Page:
Advertisement

‘Hag of the Castle:’ Women, Family, and Community in Later Medieval Ireland

Sheela-na-gig from the Fethard wall in Fethard, Co. Tipperary, Ireland, detail, 12th c.

Sheela-na-gig from the Fethard wall in Fethard, Co. Tipperary, Ireland, detail, 12th c.

‘Hag of the Castle:’ Women, Family, and Community in Later Medieval Ireland

Marian Bleeke

Different Visions: A Journal of New Perspectives on Medieval Art, Issue 5, August 2014

Abstract

In a letter written as part of his work for the Irish Department of the Ordnance Survey in 1840, Thomas O’Conor recorded his reaction to a “Sheela- na-gig” sculpture—the image of a naked woman shown exposing her genitalia (fig. 1)—that he saw on the old church at Kiltinane, Co. Tipperary. He wrote, in part: “The probability is that the figure was never intended to be placed in this building and that it belongs to one of a different sort, say a castle, the stone which bears it having been removed from its proper place and laid in its present situation by someone who delighted in inconsistencies.” He continued with “it would much more creditable if Sheela ni Ghig (the figure so-called) could be proved to be of pagan origin, for as such there would be every excuse for its existence. But it is much to be feared that no such thing is possible. And it is highly discreditable to a Christian congregation to have had before their eyes a representation of the kind.”

The work of the nineteenth-century Irish Ordnance Survey marked the coming of the Sheela sculptures into scholarly consciousness and so O’Conor’s remarks are among the earliest recorded reactions to such a sculpture. His comments foreshadow the direction taken by much of the modern scholarship on these images. O’Conor’s words make clear his feeling that such a highly sexualized image had no place on a Christian church; nevertheless, Sheelas often appear on twelfth-century and later medieval churches in both England and Ireland. He is correct that these images cannot be explained by projecting them back into the pagan past, for the appearance of similar imagery on Romanesque churches in France and Spain makes clear that they originated as part of a vocabulary of architectural ornament that was introduced from the continent in the twelfth century. Scholarship has thus focused on finding a way to make the Sheelas fit into their Christian churchly surroundings and has come to see them as warnings against the evils of women and the sins of sexuality: I have critiqued this interpretation of the Sheela sculptures elsewhere.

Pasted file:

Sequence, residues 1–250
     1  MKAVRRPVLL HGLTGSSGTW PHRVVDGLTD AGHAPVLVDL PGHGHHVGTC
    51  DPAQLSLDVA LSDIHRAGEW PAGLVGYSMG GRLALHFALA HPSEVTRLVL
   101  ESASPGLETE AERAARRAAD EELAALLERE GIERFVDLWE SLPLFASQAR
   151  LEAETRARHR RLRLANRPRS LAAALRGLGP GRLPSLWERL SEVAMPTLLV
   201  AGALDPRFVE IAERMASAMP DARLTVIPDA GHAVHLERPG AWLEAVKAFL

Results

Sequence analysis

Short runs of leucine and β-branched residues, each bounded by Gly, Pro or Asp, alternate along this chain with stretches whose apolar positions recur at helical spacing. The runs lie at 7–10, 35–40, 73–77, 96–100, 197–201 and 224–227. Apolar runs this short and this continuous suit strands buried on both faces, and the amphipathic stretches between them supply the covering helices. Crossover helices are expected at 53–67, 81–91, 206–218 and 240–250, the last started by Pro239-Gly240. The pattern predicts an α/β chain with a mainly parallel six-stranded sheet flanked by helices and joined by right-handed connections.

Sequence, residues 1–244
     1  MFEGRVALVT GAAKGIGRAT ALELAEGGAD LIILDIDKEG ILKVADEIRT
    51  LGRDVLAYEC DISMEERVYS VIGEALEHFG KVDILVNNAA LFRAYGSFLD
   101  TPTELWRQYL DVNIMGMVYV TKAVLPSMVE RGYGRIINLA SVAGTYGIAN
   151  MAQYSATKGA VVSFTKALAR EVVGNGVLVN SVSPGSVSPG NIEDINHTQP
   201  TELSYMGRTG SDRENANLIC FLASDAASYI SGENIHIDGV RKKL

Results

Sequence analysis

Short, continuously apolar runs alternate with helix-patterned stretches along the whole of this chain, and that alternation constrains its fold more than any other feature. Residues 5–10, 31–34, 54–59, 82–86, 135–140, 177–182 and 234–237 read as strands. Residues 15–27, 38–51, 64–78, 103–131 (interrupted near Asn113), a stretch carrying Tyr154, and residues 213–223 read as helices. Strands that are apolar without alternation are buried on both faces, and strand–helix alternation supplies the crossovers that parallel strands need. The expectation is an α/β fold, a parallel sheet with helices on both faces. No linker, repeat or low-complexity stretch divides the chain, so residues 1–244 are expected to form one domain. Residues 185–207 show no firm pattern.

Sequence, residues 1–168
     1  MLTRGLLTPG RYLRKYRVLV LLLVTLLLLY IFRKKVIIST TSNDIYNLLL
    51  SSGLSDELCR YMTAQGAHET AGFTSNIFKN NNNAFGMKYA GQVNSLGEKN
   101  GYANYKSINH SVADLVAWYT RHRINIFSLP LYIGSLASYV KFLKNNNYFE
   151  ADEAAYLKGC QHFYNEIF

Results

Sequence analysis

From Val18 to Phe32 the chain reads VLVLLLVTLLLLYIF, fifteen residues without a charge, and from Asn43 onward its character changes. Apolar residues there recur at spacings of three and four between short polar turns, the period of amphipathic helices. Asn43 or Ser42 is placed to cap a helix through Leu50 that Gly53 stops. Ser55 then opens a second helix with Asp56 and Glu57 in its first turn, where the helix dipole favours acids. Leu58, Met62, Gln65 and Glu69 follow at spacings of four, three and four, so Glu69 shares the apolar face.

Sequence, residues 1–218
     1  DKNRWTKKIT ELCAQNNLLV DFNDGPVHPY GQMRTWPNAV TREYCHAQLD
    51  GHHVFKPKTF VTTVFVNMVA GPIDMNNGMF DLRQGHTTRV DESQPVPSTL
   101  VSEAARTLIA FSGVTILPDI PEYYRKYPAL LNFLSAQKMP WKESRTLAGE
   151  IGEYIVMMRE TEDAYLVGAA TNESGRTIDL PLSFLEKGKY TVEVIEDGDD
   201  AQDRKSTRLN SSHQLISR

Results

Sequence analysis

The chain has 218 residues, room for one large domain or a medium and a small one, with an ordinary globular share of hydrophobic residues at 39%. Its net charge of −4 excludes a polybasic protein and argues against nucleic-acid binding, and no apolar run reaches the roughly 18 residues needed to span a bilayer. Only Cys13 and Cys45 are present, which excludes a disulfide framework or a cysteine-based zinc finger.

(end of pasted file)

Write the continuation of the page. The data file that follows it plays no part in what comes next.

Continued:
Click here to read this article from Different Visions





Sign up to get a Weekly Email from Medievalists.net

* indicates required

medievalverse magazine